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HORSES AND HORSES.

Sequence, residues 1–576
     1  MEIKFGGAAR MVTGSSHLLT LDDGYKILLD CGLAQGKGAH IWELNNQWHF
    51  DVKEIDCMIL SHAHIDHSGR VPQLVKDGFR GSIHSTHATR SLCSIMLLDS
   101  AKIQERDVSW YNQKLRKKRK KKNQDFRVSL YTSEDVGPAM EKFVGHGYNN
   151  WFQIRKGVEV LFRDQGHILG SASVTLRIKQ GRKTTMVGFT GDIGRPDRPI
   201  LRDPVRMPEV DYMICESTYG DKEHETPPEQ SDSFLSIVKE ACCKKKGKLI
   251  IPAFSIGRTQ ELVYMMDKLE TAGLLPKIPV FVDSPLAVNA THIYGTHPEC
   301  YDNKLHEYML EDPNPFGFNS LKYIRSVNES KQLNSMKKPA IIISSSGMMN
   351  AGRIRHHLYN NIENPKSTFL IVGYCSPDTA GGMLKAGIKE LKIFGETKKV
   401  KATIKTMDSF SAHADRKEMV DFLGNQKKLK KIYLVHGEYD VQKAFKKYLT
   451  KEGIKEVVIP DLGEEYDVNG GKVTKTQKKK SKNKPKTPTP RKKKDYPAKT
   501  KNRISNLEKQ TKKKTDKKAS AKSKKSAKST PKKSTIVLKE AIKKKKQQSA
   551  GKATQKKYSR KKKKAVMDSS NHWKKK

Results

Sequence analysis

TYPES OF EVERY DEGREE CAN RE • FOUND AMONG THEM. Beauty and Brains 011 Hoof* Character In Equities Illustrated and Described—The Racine Season—Scenes on the Track— Tlie Gentleman Horse, the Terrier Horse, and Other Prominent Types— Racing Scenes Depicted from Lir. fHE sea so n is season I mean that period of the year that con denses within its I limits the hours and days prized by horsemen; men" I do not mean "lurrsey" men, turf - gam blers, "book-makers,*' and fellows of that ilk, but honest men who love horses as honest horses love true men ahd women. Of course, as there are men and TYPES OF HORSEs!' * men, so tuere are norses and norses, and types of every degree of meanness Can be found among both the two and the four legged beasts, as well as tlioso perfect creations, human and animal, endowed with every mental and phys tpal grace and virtue constituting per fection. The head and face of a horse are as Indicative of the character and disposi tion of the animal as are the skull forma tion and physiognomy of a man, and the skilled can as easily read both, can trace a resemblance between the two, and quickly note similarity of expres sion. In cut No. 1, here given, is a brute, J* BEFORE THE RACE. all vicious and clangorous, without a redeeming feature; No. 2is of almost equally vile disposition; No. 3, a sly, tricky beast; No. 4, a dull, plodding, lazy animal; No. 5, a lively, intelli gent nag, requiring steady' control; and No. (3, an honest, knowing, earn est horse. But of horses, as of men, one cares only to think or write of the best, and of the best only will I write. I would sing the praises of the war horse, so dear to the trooper. Hear how the old cavalrv-man puts it in homely verse to the love of his heart, "Black Bess:" Old girl, that has carried me far and fast, On pawing hoofs that were never loath, Our gallop to-day may bo our lust For me, or for thee, or porchaneo for both. AB I tighten your girth, do you nothing daunt? When you catch a glimpse of the forming lino, And now the artillery move to the front, Hast thou never a qualm, Black Boss of uiiuo? It is daiuty to see you sidle and start, As WO move to the battle's cloudy marge, And to foel the swell of your wakening heart, When our sonorous bugles sound the charge. At the scream of shells and roll of drums. You feign to bo frightened, with roguish glance, But up the green slopes, where the bullet hums, C'oquettishly, darliug, 1 know you'll dauco. Your skin Is satin, your nostrils red, Your eyes like a bird's, or a loving girl's ; And, from delicate fetlock to knowing head, A throbbing vein-cordago about you curls, oui joy o. my urorv. n yuu vnev may. It s little for triumph or rout 1 caro, For there isn't, in all tho world to-day, Such a dear little bridle-wise love of a maro. But war, let us be tnankful, is over for us, and it is to "the turf" we go to-day for beauty and brains on hoofs J Washington Bark Track and tho West Side Course are now attracting tli© thousands who love noble horses. The season is open, and weeks of pure enjoyment are before humans and ani-' mals alike. Our illustrations tell their' own storv; no need to write a line in explanation. To explain, however, how a real man GOING TO THE RAPES. cares for a true horse, I want the reader to visit, on paper, the home of the M Queen of the Turf," MaudS., and the daily life of the beauty, and the reader never lias and never will come into moro honest companionship. Her ladyship lives on West Fifty fifth street, in New York City, in a stately brick building with white stone trimmings, a mansard roof and a front age of fifty feet. The interior of her dwelling is perfection. She is "sweet sixteen" and a Kentucky high-born beauty from the crown of her dainty head to tho tip of her flowing tail. She has the majestic grace of a queen, tho .gentleness of a tender gird, tho intelli: gence of a wise human, the health 01 an athlete, and a record without an equal. Her "quarters" are one and a half inches higher than her withers, which gives her the greyhound sweep, speed and grace. No piece of satin de Lyon ever compared with the lustrous gloss of her dress. In a half-light it is merely brown, line and shining, but in the splendor of sunlight it is cop pery, with the warm, reddish tints of ochre and gold brought out in repousse work. She is peerless. No belle of the fashionable world receives more or better attention. Fancy hand massage for a horse I Thars what Miss Maud gets every morning after her bath to quicken the circulation, and just before going to bed to make her sleep. It is not an all-round-rub-any-way movement, but a careful circuitous motion along her legs and down her tapering ankles. Across her body it is "with the grain," stroke after stroke of the palm of the hand, until every pore of her beautiful skin is excited to action and her nut brown coat shines with nature's lubri cating polish. Maud S. is up at 6 a. m. every dav. and asleep at y p. m. every night in the year. So soon as she wakes tip she must have her drink of fresh wa ter. If it is not coming instanter there is trouble, for she will not be neglect ed. Next slio is rubbed down with a soft cotton cloth, a dry wash; then comes her breakfast—two quarts of oats, sifted and weighed to a grain. Forty minutes is given to dispose of this. At seven o'clock her grooming begins, and for an hour she is rubbed and bathed, her mouth and legs sponged with warm water, her feet washed out, her mane and tail care fully combed, and after being brushed she is soft-clothed and massaged. Her toilet completed, a clean linen coat is buttoned on her, and over this a fine blanket, the weather regulating its weight. Then follows half an hour's rest, and, if sunny and dx - y outside, she is taken around the ring surround ing the stable. This she does not en joy; it is too "slow-going" for her. Next she goes back to her newly cleaned stable, to stand in two feet of fresh straw; the blanket is removed, she is rubbed off again, her ankles bandaged, a muzzle put on to keep her THE WINNER—AFTER THE RU B. Irom eating the straw, and then she is left to herself, for a nap or reverie. At noon the bandages are taken off, and she gets a drink of water, never cold. At one o'clock comes a dinner of two quarts of oats, and at 2, another walk in the ring. Lunch is at 4:30, and consists of two pounds of hay, clean of every hint of refuse. Supper is at 8 p. m., a warm mash of a quart of boiltd oats and two quarts of bran. While the mash is cooling the beauty's beautiful feet are filled with oiled meal and bran, beaten with a little salt to the consistency of putty; tms is starred into tne bottoms of the hoofs, not to soften them, but to cool them and supply tlio moisture they would secure if she were allowed to tramp in the wet pasture like a no time-at-all sort of a mare. If bad weather has kept her indoors some time, the feet are put in wet swabs to keep off fever, for moisture is absolutely necessary. Her feet in or der, a slight massage, and Miss Maud goes down on her fore-knees, stretches her beautiful form out at full length, blinks her blno-brown eyes, yawns, and is off to liorse-hcaven. Tom Mo- Keon, her groom, says that she talks in her sleep and occasionally has a touch of nightmare, then lie comforts her with caresses, rearranges hex blankets and rubs her breast until she drops into quiet slumber. After a drive tho lady is blanketed and taken around the ring to cool off, her back is then rubbed down with a quart of rum, her legs are washed, but not one drop of water goes on her shoulders or back ; her ankles are bandaged and she lies down for a snooze. If the brown beauty is not in perfect | trim, she is dosed, allopathic ally. She is given six drams of aloes to reduce fat; the drug is put in the center of a I ball, size of a marble, mado of ginger, | to warn* aud prevent gripes, and oiled meal. Her head is hung by the sur geon, who, mounted on a stepladder, takes her tongue in his lingers and moves it to one side. The bolus is dropped to the root of the tongue, fin gers removed, and down it goes. Oc casionally a tablespoonful of bicar bonate of soda and charcoal is put in her mash to help digestion; this is her spring medicine. She is never seen without her blankets, unless on the track. In the ring and in her stall she is as carefully covered as a baby, and she has as many wraps as a society bslle has toilets. Her front shoes weigh twelve and one-half ounces, the hind ones seven ounces, of steel, fastened with four nails on the outside and three on the inside, instead of the nine or ten nails generally used. She is driven with the "sharp-bar" bit —the "snaffle" sets her wild to go. Lady Maud hasn't a trick or the first trace of viciousness in her whole make-up. She has her whims, will not be neglected or slighted, is as imperial i 8s imperious, and wants all the atten- | tions and luxuries of life; she kicks if j Sermeals are delayed, will never touch food unless the manger is first cleaned, and would die of thirst rather than STEEPLE CITABINO SOMETHING WILL TUMBLE. drink water another horse had left. She has never, so far as known, felt the lash of a whip. The day she broke the record and beat the world driver lashed the shafts of the sulky to urge her, but her flesh or hair Svas never touched. She would break her heart if struck in anger, and prob ably break the bones and life of the man who struck her—and serve him right. When Maud S. travels it is in a spe cial car, coupled to a passenger traiu, and two men go to attend her. A trip that .costs a human passenger 40 cents Afteh s eitfcze IT ALOHI MORNING WORK AT THE TRACK. is $25 for her ladyship's transportation. Maud S. cost Mr. Bobert Bonner $40,000. He has boon offered SIOO,OOO for her; he would as soon think of sell ing one of his sons. No money can buy her. 'this is an exceptional case, of an exceptional horse, with an exceptional SOMETHING I>l I> TUMBLE. j man, but it serves to illustrate the love (that can exist and the care that can he lavished bv the true horseman upon I the true Horse. — Alex. JJu/ce JJatlie, in Ch icag oJ. rdg er. How <i J'oeni WHS Written. At the age of twenty-one years Will iam Cullen Bryant was licensed to practice law in the courts of Massa chusetts. It was not the calling for which he was fitted; his nature was too shy and sensitive for the life of con flict by which lawyers win fame and fortune; but law seemed to him the readiest means of earning his Iread, while literature, to which he A'ould gladly have devoted himself, offered him the scantiest support. While he and liis father and the other members of the family were dis cussing where he should nail up the sign of "William C. Bryant, Attorney at Law," he walked over the hills to Plainfield, a small village four or five miles distant from Cummington, where his father resided. The motive for the journey was to see what inducements tho village offered for the practice ol his profession. He felt "very forlorn and desolate," for the world seemed dark and his fu ture uncertain. The sun lmd set in a sea of chrysolite and opal, and he stopped to contemplate the brilliant j sky. Suddenly ho saw a solitary wa- j terfowl winging its way along the ho- ] ri/.on, and watched it until it was lost in the distance. Tho contemplation gave him such a stimulus that he went on with new strength and courage, and when he reached the house where he was to stay for the night, he sat down and wrote the lines, "To a Waterfowl," the concluding verse of which expresses tho hope imparted to him by the flight of the lone wanderer: Ho who, from zone to zone, CluirfcH through tho boundless Hky thy certain flight In the long way that I must tread alono, Will lead my steps aright. Mr. Bigelow's "Life of Bryant," to which we are indebted for the story of ♦ho poem's origin,, ulso tells anjinec dote illustrative of the admiration it excited in England. Once, when the late Matthew Arnold was in this country, he was visiting at a home where Mr. Parke Godwin, Mr. Bryant's son-in-law, happened to spend an evening. In the course of the com versation Mr. Arnold took up a vol ume of Mr. Bryant's poem from the table, and, turning to Mr. Godwin, said: ,M Xhis is the American poet." And, after a pause, he continued: "When I first heard of him. Hartley Coleridge —we were both lads then—came into my father's house one afternoon con siderably excited, and exclaimed, 'Matt, do you want to hear the best short poem in the English language ?' , " 'Faith, Hartley, I do,' was my re fc>ly. 'He then read a poem, ' To a Water fowl,' in his best manner, and he was ja good reader. As soon as he had done he asked, 'What do you think of that?' [ "T am not sure but what you are Iright, Hartley. Is that your father's ? ' Vas my reply. " ' No,' he rejoined; ' father has writ ten nothing like that.' Some days (after he might be heard muttering to himself: "The desert ami illimitable air Lone wandering, but not lost." Yet this poem, which many persons deem the best the poet ever wrote, ( slept for three years in the author's portfolio, neither read, seen, nor even Jieard of by any other living soul.— Youth's Companion.. Compensation. News came that a baby had been born in the Nelson household, a dear little girl, with blue eyes, but, alas! with a misshapen foot that would cause her to limp all her life. When grand ma read the message she went to her own room without a word, and the young aunts busied themselves with j their work, looking suspiciously moist j about the eyes. That night, however, J Edith Lee came limping in with her | two crutches, and was told all about . it, because she was the dear family I friend and knew all the homo secrets. J "And you feel dreadfully about it, I don't you ?" asked she, patting one of ; grandma's withered hands. J "Yes, my dear, we do: how could we ' kelp it ?" "She will suffer so!" "It will be so hard for her when she grows up!" said the aunts, mournfully. "Now, my dears, just listen to me," said cheerful Kdith. "She will be sor ry, and sometimes mortified when she remembers she's not like other people, but she will have a great many com pensations. "Hook at me! I've stumped through life on helpless limbs, and tho conse quence is that I trust tho world and love it. Other people get blue, and say they can't believe in people. I re ceive so much kindness every day I | know that the world is full of warm, j loving hearts. When I make a jour- I ney, 1 find the merest strangers willing | to carry my bundles, check my bag | gage, help me into tho cars, and give j me the best places, j "I've heard some of you complain of the railway men who have 110 hesitation in running you down with a baggage truck. Those same men push the truck up to me, and ask if I won't get on and ride to the car or carriage. Teamsters pull up their horses to let me cross the street. Waiters in hotels give me a seat near the door, so that I need not walk further than is absolute ly necessary, and in the summer, when we are in the country, not a farmer passes me without begging me to ride. "Now, all this is because I am lame. Tho very sight of my misfortune ap peals to every heart, and the conse quence is that, as I have told you, I believe in the world and the warmth of its sympathies. That baby will have the same experience. The' wind will be tempered to her in precisely the same way, and when she is thirty, as I am, she will say, 'Why, it's a beautiful world!'" "Bless you, dear," said grandma, warmly, "I shouldn't wonder a mite if she (lid!" And they were comforted, remember iing the mercy of God in making merci ful people.— Youth's Companion, Not Kvon Standing-Koont. Friend—What luck did you have with your show last night ? Thespian—AVhy, we had to turn lots of people away. They couldn't even get standing-room in the house. F.—Yon don't say? You feel flat tered, donbtless, over such success? T.—Not exactly. You see, tho owner of the hall wouldn't open the doors without being paid in advance, so heithor the company nor the audience could get in. A SAILOU camo to a minister to be married, but when asked if ho would take tho woman to be his wife, looked blank and said, "I would like to know 'first what you are going to say to she." WE love characters in proportion as they are impulsive and spontaneous. The less a man thinks or knows about bis virtues the better wo liko him. THE GALENA STATUE OF GRANT. Herewith is given a copy of the stat ue to be erected in Galena, 111., by H. H. Kohlsaat of Chicago. It is to be cast in bron/.e, about eight feet high, the pedestal to be ten feet high. The city of Galena has decided to purchase two blocks of land in the center of the city, tear down the buildings upor them, and make a pleasure resort oi about six acres, which is to be known as Grant Park. The sculptor is Jo- ; hannes Gelert of Chicago. The statue 1 will be unveiled next April or May, and Mrs. Grant, who has seen the model and approved it, has promised to be in Galena at that time. Some orator ol national fame will deliver the address, and the President and his Cabinet will be asked to become the guests oi Galena. Do Right for Right's Sake. We are in receipt of a letter asking us, "What make. 1 } people do right?" How under the sun does the writer of this epistle suppose we know what causes influence people in doing right? —if, indeed, anybody does do right, which we might be seriously inclined to doubt if we "took stock" in the uni versal cry about the wickedness of this day and generation. We have asked some people of our acquaintance the question, aud find that most of them do right because they expect to be rewarded for it. At least they have quoted to us innumer able texts of Scripture bearing on that point, and all pointing toward the re wards of the just. Now, it strikes us that this is an in finitely selfish way of doing things. If you feed Mrs. A., who is starving, be cause you expect, either in this world or the next, to be rewarded for it, you are only selling your good deeds for a price. You are not pitiful of her suffer ings, you are not charitable toward her because it is your duty, but simply because you expect that you will real ize benefit from your benevolence. Is this true charity ? Is this love toward your neighbor? Is this the spirit of the Divine Master, who taught us to do unto others as we would they should do unto us? It seems to us that the only true way of doing right is for right's sake. With out an eye to the rewards, or to the punishments, which may await us, to deal justly and mercifully with every living thing, to do no act of malice, to wound the feelings of no one intention ally, to let no selfish love of ease, or pleasure, deter us from what we deem is right. Yes, that is our idea of the way to do right. We may be in error, but it strikes us that it is rather a little soul which is continually looking out for rewards, or dreading the punishments. It is like making a bargain, and say ing, if I will be good you will reward mo, thus and so; and if I am bad, then I must look out for chastisement. We do not like that kind of doctrine. We want to do right, not because it is respectable; not because we shall faro better for sodoiug in this world; not because we shall be happier hereafter for it; not because people will talk about us if we do not; not because we belong to the church, and our minister preacheß it, but because it is right to do right, and because God has com manded us to do it. And to the man properly constituted there is no happiness like that which comes from right actions, guided by right motives. And whatever may be that man's theology, he is on the right road if he does right for right's sake.— Kate Thorn, in New York Weekly. Ny Ten Yards. A danger escaped often alarms far more than one endured. "If I'd ha' knowd how hard 'twould be to live through 'em," said an old lady, in re counting her troubles, "I never should ha' lived." "Among the Selkiik Glaciers" contains the description of a narrow escape in their icy fastnesses : As we descended the glacier, we stopped, when we had accomplished live hundred feet, to take a reading of (the thermometer, and found that the (temperature was eight degrees lower .than at the summit of the pass. :Further down it felt still colder. Our tracks were quite visible till we came jto a steep part of the glacier, where 'the snow was blown off the ice, and numerous crevasses stood wide open. Finally we reached a natural gateway 'in the cliff, and quitted the glacier. Then came the descent along the top of the moraine, and down to its lower termination. The ice of the main glacier had been broken down the moraine, and some crevasses formed regular ice caves, easy of access. Not wishing to get our clothes wet, as we had no way of dry ing them, and needing them to sleep in at night, wo proposed sleeping in one iof these ice caves, and giving the weather a chance to clear. Wo were, of course, aware of tho danger of stones falling from the ice above, so 110 doubt the idea was totally lacking in that prudence with which tho traveler be equipped. However, we got our lesson. Wo had just diverged from our track, and were making our way over some debris to get to the cave, when crash! came down ten tons of rocks and ice from the glacier above, right across its mouth. If we had been ten yards 'further! This thought flashed through our minds simultaneously, and was ex pressed in our faces as our eve met, LETTERS FROM THE CORNERS. Mr*. ISoggti and Iler " Fate " Go Walking NECK OR NOTHIN' HAI.L, I KILKENNY CORNERS, F maj beieave, B^ie finely kim down Bap Pin8 ap P in an lier hare up in curl "Me an Mr. Cruck- air a goin out walkin this arf ternoon," ses she; "lie wunts to see the city, an he ses mebby lie'l sturt a dancin class; land sakes! I wush he wood, an then I cud lam to dance," ses she, a eatin anuther gem fur her brekfus. "I've alw'ys jest pined fur to lam how to dance." "Yes, you'd cut a purty figger," ses Willam Henery; "ef you'd lam to dance, why I'd think Burnim's big elephant cood," an he dodged as she threw a muttun rib at him, but it hit him on to the year, an he hopped aroun an hollered. "Youch! youve busted my year pan for shore. I kaint here a mite outin thet year! I'll hev you sude for dam midge, I swow I will." "Youd make a good dancin techer," ses Sally, "youre HO lively." But he wus kindy huffed an went off down to the store. "O, Bhody, wunt you let me hev Tommy's dog to go long with me when Mr. Cruckshin an me goes out a walk in ?" ses Sally, purty quick. "I've herd o' folks thet wanted a dog to keep the boys away," ses Bhody, "but 1 don't see why you shud nead one when Cruckshin is along." "O, you don't understand; ets fur stile. I wunt liim to no thet Ino what stile is," ses she. "Well, I don't no es I keer, but Tommie ull raise Cain ef enny one elts fetches his purp, an he's so wild I dun no es you kin do ennytliing with him, no how," ses Bhody, es she went out in the kitching to make some pise. An so Sally she hunted Tommy up an baiged an pled with him till he finely agreed to let her take him, pur vidiu she cood ketch him, if she'd give him 10 sents. So she got a peace o' rope frum the calf's halter an called, "yer Twist, yer Twist," thet was the dog's name; but he woodnt kim fur her, so she run him under the porch an crawled partway in after him; she cot him by the tale an hind laig au pulled him out, but he yalped awful. She got the roap onto him arftor a while an tide him up to a post into the back yard an give him sum cole vittles, but he woodnt eat a bite. Directly arfter dinner Mister Cruck shin cum; he looked uglier, aud slim mer au grayer then ever. Mis Boggs was a settin in the parlor a waitin fur him, an every littl bit the dog in the buck yard ud giv a yowl. "See hear, Mis Boggs," ses Tommy, a pokin his hed in to the dore, wliare Sallv an her bow wus a settin, "ef you hurt my dorg you'll hev to gimme anuthern." Purty soon they started, Sally a lioldin on to his arm with one lian an a pullin the dog along with tothern, an she wus a talkin fit to kill. The dog woodn't walk a paig, but every little bit she'd give him a jerk an he'd yowl, an then stan still until all the slack in the rope wus gone, then she'd jerk 'im agin: finely the dog got mad an he made a grab fur Cruck shin's laig, an pinched him sum, an he jumped an hollered an grabbed the caf o' his laig, an the dog snapped at Sally'B lieals, an she let go him to climb a dry goods box, an ho tucked his tale an run fur home, an Sally kim down an thay went a limpin off aroun tho corner. Bhody an me thot it had disabled him fur dancin, but it hedn't, fur when thay kim home Sally coodn't talk about notliin else but Crucksliin's dancin class. Muchly yourn, HESTER ANN SCOOPKR. Cornfield Philosophy. Tlio longest way round may be the easiest way found, but it is not always the quickest way to reach your destina tion. Green apples do not give the small boy any trouble unless he eats them. Do not bank too heavily on the man who wears a clean shirt. Possibly he did not pay the washer-woman for making it clean. It is well that the world is neither so had as some folks think it nor so good as some folks would like to have it. The man who pavH his debts is not so commendable as the man who does not make any. The saying that poets are horn, not made, is shoving considerable respon sibility off on Nature. Dead men tell no tales, hut they are able to trouble the living very fre quently. Conscience is the great liver regulator. Lots of rain will make corn grow, hut it makes weeds grow also. If an honest man is the noblest work of God. what can he said of the oue who is dishonest? The hank robber is not in favor of a higher tax for a better police force. The vine will climb a crooked pole as quickly as it will one that is straight. The industrious hen does not require a patent nest to induce her to lay eggs. \Vlilte anil OeaL Mr. Harrinon Weir, President of the National Cat Club, England, ways in his book, "Our Cats," that a white cat of the long or short haired breed is likely to be deaf. Should it have blue eyes, the fancy color, it is almost cer tain to be deaf. Mr. Weir, at a cat show, purchased a white cat, a beauty, loving and gen tie, for the low price of two guineas, When he got it home the cat proved tc be "Btone deaf." Then the trouble began. If shut out of the dining-room, its cry for admis sion could be heard all over the house, for, being deaf, it did not know the noise it made, though its owner often wished that it could hear its own cry. When it called out as it on his lap. it called with ten-cat power, and its commanding voice caused it to be named the "Colonel." One day a friend saw the "beauty,'' and admired it so much as to accept it as a gift, even after being told that il was "stone deaf." A few days aftei Mr. Weir received a letter from the friend, offering to return the loud voiced cat. "Give it to any one you please, but don't return it to us," was the reply. The "Colonel" was given to u deal old lady, and both were liappy. THE consciousness of duty performed gives us music at midnight. CORKER TAKES A PLUNGE BATH. figL EER Mr. Editer: The flood gates are . "l pi opened and the rain A-IT V'-jl I|descendth in tor ents and our tater .■■'To.. patch is a float. For 6 months it Vk has ra ' n6| l more or Qjk^ ess —in many eases X more, in others \ ■ I*~ -7 jfe-' less but in all ijn* cases we cry * If enough —O, yes! enough! Ever sinoe last fall it has rained and been muddy almost incessantly and unin terruptedly. Corn is just being planted; oats are drownin, but still monopolies are flurshing. Wheat 80 cents at the st ation, n butter 10, n eggs 10, while on the other hand coffe is *25 and sugar is still cornered. Some tliin's got to be done, or bust. Farmers' alliance to the rescue!! Alliances are forming all over the State n Miller I'urvis is organizin em right n left. Farmers are wakin up, n it's high time. I went to hear Purvis the other night. On my way over I had to cross a ragiu streem on a log. On this particular evening the streem was howlin. The water came up to the log almost. I got down n crawld carefully out over the roaring cataract. Presperation streamed from every pore in millions of tiny jetts. A slip and I was lost. I aliped. Ker-chugg I went head furst into the roaring oataract. My ears ' 7/^ seemed like a railroad train; water rored in my mouth, my eyes and nose. I gurgled and spurted and strangled, but to no purpose. It seemed a young eternitey before I come to the top, but fl come up finally and struck out bravely for the shore. With Herculaneean efforts I grabbed a root and pulled my self on laud more alive than dead, but the adventure had dampened my spirits for the night, and as I wended my weary way home my reflections were to the effect that there is "many a slip a 'twixt the cup and the lip." But when I got on dry clothes 1 felt better. Now you must —; excuso this short letter, for it had quit raining ana v I must go and let /V*J off the water from my corn ground. Excuse haste and a bad pen. Yours affectsliionatl •, FIZZINOTON CORKER. N. 13.—We are all well and hope these few lines may find you all enjoy ing the same blessing. F. C. Indian KOKIIIIOHH. It is vain to Bujq>ose that uncivilized races will get good from our teaching, and ignore the evil involved in our ex ample. Bishop Whipple, who gives in the North American Review an ac count of his experience among Minne sota Indians, says that the Dacotalis once held a scalp-dance near the mis sion house. The Bishop was indignant. He went to Wabasha, the chief, and said: "Wabasha, you asked me for a mis sionary and teaolier. I gave them to you. I visit you, and the first sight is this brutal scalp dance. I knew the Chippewa whom your young man have murdered. His wife is orying for her husband, his children are asking for their father. Wabasha, the Great Spirit hears his children cry. He is angry. Some day he will ask Wa basha, 'Where is your red brother?'" The old chief smiled, drew his pipe from his mouth, and said : "White man go to war with his own brother in the same country; kill more men than Wabasha can count in all his. life. Great Spirit smiles; says, * Good white man! He has my book. I love liirn very much. I have a good place for him by and by.' The Indian is a wild man. He has no Great Spirit book. He kills one man ; lias a scalp dance. Great Spirit is mad and says, 'Bad Indian! I put him in a bad place by and by.' Wabasha don't believe it." The Indian has a keen sense of humor, and never fails to see the weak points in his adversary's armor. Old Shali-bah-skong, the head chief of Mille Lac, brought all his warriors to defeud Fort Biplev, in 1802. For this act ho was promised the special protection of Government, and told that his people should never be removed. A few years later, an agent was sent from Washington to ask the Ojibways to cede their land, move north and settle on a worthless strip of ground. This man called a council of Indiaus, and said to them, "My red brothers, vour great father has heard how you have been wronged. He said, 'I will send them an honest man.' He looked in the North, the South, the East, and the West. When he saw me he said, 'This is the honest man whom I will send to my red children.' Brothers, look at me. The wiuds of fifty-five years have blown over my head", and silvered it with gray, and in all that time I have never done wrong to any man. As your friend, I ask you to sign this treaty." Old Shah-bah-skong sprang to his feet and said, contemptuously : "My friends, look at me! The winds of more than fifty winters have blown over my head and silvered it with gray, but they have not blown my brains away!" The council was ended. IT is the old man who has shunned work all his life who is continually say iug: "That boy ought to be set to work aud kept at it." Two PROBLEMS of tiie luture—What shall we do with the manly young (woman and with the effeminate young 'man?